Captivated by the dream-like quality of the light at the sleepy coastal village of Myponga Beach, on the Fleurieu Peninsula, OutThere’s Creative Director Martin Perry ventures out with his camera to capture its subtle yet beguiling beauty.
Sometimes even beautiful scenery, like that of Australia, can result in underwhelming shots. But there are simple techniques that can help you produce more interesting images. Interrupting a natural scene with graphic lines, like those created by these telegraph poles or the remnants of Myponga Beach’s old wooden jetty (originally built for the trade of produce such as grain and wattle bark) can lead the eye around the image and create more satisfying compositions. Before pressing the shutter, scan around the whole frame and try to find angles that accentuate these lines. Your choice of lens plays a role, too. A telephoto brings elements on different visual planes closer together, while a wide angle gives an increased sense of perspective. When you’ve taken the shot, look again to see if there are others you haven’t considered. Moving a few feet in any direction will yield different – possibly even better – results. After the event, look at cropping into your images to enhance their composition.
Myponga Reservoir Reserve is a 10-hectare conservation area providing sanctuary for some of the Fleurieu Peninsula’s most threatened wetland birds. You don’t have to be a twitcher to photograph birds in their natural habitat, and you certainly don’t need to lug around a large unwieldy telephoto lens. Instead of trying to achieve a close-up, view them as compositional elements, to create aesthetically pleasing images. Look out for patterns, colours and textures, and try going wide and shooting groups of birds. Find ways to frame them within the environment, experimenting with your camera’s shutter speed to accentuate or freeze their movement.
There’s been a lot of talk in recent years about the importance of mindfulness, but to anyone keen on photography, that’s yesterday’s news. To capture an interesting image, you need to tune in to your surroundings. Only when you have, will you spot and record the fleeting moments that bring a place to life. I have my camera ready at all times, allowing me to react quickly. This can result in magical shots, taken in a split second. Myponga Beach and the rest of the Fleurieu Peninsula present incredible opportunities to photograph wildlife – such as when a family of kangaroos hopped at speed across a dirt track in the distance – but you need to be quick and present to get the shot. It may not be my greatest work, but it captured a magical and quintessential moment from my trip to this stunning part of South Australia.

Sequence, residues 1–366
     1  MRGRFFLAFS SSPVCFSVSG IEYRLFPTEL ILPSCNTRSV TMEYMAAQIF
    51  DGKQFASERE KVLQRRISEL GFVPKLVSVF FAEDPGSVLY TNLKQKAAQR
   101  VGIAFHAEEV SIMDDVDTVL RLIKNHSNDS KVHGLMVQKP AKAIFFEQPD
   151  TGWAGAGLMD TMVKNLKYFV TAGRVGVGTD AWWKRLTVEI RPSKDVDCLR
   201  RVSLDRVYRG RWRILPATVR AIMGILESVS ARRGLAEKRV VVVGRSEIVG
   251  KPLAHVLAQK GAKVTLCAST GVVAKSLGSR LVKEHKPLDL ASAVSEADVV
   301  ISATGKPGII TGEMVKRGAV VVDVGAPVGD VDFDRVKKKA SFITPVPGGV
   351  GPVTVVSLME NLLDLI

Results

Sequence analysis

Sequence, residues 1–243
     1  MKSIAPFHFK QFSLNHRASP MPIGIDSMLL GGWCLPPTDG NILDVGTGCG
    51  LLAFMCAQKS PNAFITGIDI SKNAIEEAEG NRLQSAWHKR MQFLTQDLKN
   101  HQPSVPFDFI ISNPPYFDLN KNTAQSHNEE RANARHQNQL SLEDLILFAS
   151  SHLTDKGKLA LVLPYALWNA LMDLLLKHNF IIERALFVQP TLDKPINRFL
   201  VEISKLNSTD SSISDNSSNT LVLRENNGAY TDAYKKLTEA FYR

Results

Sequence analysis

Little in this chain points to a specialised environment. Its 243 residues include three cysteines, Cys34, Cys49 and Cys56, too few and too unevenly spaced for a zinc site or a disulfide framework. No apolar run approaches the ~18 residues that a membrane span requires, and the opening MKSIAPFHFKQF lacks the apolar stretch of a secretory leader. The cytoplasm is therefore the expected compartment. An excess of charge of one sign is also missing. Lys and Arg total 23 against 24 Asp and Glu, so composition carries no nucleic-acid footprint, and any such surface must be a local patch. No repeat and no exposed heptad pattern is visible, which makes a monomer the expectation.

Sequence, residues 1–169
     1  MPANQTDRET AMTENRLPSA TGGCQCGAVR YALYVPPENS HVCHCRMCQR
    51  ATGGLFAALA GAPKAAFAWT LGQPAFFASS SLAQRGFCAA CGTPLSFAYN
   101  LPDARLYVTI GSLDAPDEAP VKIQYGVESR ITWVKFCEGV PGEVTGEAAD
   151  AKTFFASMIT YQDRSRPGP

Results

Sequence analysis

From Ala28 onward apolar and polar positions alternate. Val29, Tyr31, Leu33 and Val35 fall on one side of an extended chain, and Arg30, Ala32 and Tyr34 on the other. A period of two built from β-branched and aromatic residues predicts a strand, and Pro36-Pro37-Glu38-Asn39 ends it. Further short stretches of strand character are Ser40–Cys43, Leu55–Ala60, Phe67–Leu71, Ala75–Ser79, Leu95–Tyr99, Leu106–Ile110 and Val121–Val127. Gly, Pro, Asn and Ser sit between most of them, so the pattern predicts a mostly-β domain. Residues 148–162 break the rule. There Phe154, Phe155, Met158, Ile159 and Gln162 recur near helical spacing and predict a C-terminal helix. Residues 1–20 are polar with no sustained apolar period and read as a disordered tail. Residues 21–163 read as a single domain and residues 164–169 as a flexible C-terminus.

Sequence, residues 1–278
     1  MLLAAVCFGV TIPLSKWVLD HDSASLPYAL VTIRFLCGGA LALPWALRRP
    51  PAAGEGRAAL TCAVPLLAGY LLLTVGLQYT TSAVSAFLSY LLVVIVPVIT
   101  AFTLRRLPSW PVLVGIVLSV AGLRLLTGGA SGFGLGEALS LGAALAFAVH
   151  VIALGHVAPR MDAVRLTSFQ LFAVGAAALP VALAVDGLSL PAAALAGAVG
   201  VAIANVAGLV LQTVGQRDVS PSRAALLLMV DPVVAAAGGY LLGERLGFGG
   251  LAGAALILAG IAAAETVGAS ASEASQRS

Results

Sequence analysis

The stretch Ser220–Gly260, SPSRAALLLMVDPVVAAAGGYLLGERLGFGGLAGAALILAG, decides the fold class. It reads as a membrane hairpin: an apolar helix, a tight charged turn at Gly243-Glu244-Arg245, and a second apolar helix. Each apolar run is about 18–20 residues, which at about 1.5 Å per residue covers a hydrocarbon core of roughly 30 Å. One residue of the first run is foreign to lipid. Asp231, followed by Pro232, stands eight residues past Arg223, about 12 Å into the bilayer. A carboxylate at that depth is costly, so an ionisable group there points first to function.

Many people fall into the trap of taking photographs of their travels that resemble everyone else’s. Remember, the camera is merely a ‘dumb tool’ to use however you wish. Rid yourself of conventional ways of thinking (easy out here in the reedy, low-lying creeks and flats of the Fleurieu) and make use of the camera to record the things that speak authentically about a place. I found the random patterns of the pebbles on Myponga Beach very pleasing. It led me to look closer at the different patterns around me – the erosion of the surfaces of the rocks by the sea, the wispy blades of wild grasses blowing in the breeze, and the line of seaweed hugging the shoreline. These abstractions convey to me much more about the feeling of being there than a generic vista ever could.
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